This conversation series will invite judges from a wide range of jurisdictions, including national and supranational courts, to address questions about the separation of powers in the context of their own jurisdictions. Issues to be explored include the legal and political factors that determine the role of the judiciary, the relationship between the judiciary and other institutions, and the concept of judicial independence.

Discussants for this event are Octavio Ferraz (Reader in Transnational Law, Kings College London) and Sandra Fredman (Rhodes Professor of the Laws of the British Commonwealth and the United States, University of Oxford).

This conversation will ask:

“COLOMBIA:  A PARADISE OF CONSTITUTIONAL EXPERIMENTALISM?”

Colombia is often described as the most “stable electoral democracy” in Latin America.  It has held regular elections since the mid-19th century.  But this description might mask the fact that Colombia has been the site of armed conflict for more than fifty years.  There are several sources of this conflict, including the large drug cartels.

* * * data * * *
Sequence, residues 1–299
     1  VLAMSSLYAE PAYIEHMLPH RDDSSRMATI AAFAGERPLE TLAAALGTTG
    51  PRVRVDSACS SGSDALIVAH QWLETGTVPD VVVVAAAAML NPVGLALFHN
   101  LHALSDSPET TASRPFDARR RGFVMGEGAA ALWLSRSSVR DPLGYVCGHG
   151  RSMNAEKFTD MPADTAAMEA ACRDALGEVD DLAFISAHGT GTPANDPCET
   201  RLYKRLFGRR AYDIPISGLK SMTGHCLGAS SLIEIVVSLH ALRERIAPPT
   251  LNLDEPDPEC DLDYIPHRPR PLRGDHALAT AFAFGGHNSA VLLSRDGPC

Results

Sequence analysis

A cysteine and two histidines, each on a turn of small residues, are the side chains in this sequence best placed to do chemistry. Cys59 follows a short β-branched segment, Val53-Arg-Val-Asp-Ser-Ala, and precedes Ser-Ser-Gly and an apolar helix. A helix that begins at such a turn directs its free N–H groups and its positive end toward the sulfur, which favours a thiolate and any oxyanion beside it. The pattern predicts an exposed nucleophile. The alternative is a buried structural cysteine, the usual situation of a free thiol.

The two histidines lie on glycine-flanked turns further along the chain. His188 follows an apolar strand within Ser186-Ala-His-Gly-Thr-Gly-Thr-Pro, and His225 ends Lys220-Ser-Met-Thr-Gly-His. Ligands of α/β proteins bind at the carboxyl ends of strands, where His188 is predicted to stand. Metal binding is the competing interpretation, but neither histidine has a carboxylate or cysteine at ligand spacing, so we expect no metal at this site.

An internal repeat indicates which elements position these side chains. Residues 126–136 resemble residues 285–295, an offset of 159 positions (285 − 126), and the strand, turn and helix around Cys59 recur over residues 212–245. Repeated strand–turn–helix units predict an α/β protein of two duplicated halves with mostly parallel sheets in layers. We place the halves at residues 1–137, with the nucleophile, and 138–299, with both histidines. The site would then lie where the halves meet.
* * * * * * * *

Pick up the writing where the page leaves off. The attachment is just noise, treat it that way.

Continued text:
In 1990, Colombia embarked upon an ambitious constitutional project, which drew participation not only from established political parties, but also from a largely urban guerrilla group, M-19, that had received amnesty for its acts of violence just before the constitution-making process began.  The Constituent Assembly was popularly elected, but in addition there was widespread civic participation in the constitution-making process. political changes could be achieved through democratic and peaceful means”.

One of the new institutions established under the 1991 Constitution was the Constitutional Court. The role of the Constitutional Court in this period has been extraordinary, compared to the role played by courts in other constitutional democracies. Manuel Jose Cepeda Espinosa has described Colombia as a “paradise of  constitutional experimentalism”.  In this conversation, the role of Colombia’s Constitutional Court under the 1991 Constitution will be explored.